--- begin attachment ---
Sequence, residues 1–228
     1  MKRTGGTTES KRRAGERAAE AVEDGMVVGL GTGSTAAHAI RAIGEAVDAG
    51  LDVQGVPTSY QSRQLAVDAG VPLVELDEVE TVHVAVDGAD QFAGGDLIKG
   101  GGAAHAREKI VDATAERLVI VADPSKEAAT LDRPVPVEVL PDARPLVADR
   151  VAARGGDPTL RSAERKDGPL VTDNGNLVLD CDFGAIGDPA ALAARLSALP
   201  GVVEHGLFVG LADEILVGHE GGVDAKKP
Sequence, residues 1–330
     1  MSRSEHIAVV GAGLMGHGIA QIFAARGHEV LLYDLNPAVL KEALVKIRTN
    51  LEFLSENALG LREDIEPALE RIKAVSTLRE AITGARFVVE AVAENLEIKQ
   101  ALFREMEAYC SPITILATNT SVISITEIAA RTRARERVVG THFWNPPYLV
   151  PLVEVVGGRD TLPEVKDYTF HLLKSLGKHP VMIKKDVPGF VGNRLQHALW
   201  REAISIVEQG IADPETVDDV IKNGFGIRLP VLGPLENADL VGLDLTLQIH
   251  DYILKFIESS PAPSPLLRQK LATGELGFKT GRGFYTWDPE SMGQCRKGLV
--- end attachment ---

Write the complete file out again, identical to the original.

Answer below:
Sequence, residues 1–228
     1  MKRTGGTTES KRRAGERAAE AVEDGMVVGL GTGSTAAHAI RAIGEAVDAG
    51  LDVQGVPTSY QSRQLAVDAG VPLVELDEVE TVHVAVDGAD QFAGGDLIKG
   101  GGAAHAREKI VDATAERLVI VADPSKEAAT LDRPVPVEVL PDARPLVADR
   151  VAARGGDPTL RSAERKDGPL VTDNGNLVLD CDFGAIGDPA ALAARLSALP
   201  GVVEHGLFVG LADEILVGHE GGVDAKKP
Sequence, residues 1–330
     1  MSRSEHIAVV GAGLMGHGIA QIFAARGHEV LLYDLNPAVL KEALVKIRTN
    51  LEFLSENALG LREDIEPALE RIKAVSTLRE AITGARFVVE AVAENLEIKQ
   101  ALFREMEAYC SPITILATNT SVISITEIAA RTRARERVVG THFWNPPYLV
   151  PLVEVVGGRD TLPEVKDYTF HLLKSLGKHP VMIKKDVPGF VGNRLQHALW
   201  REAISIVEQG IADPETVDDV IKNGFGIRLP VLGPLENADL VGLDLTLQIH
   251  DYILKFIESS PAPSPLLRQK LATGELGFKT GRGFYTWDPE SMGQCRKGLV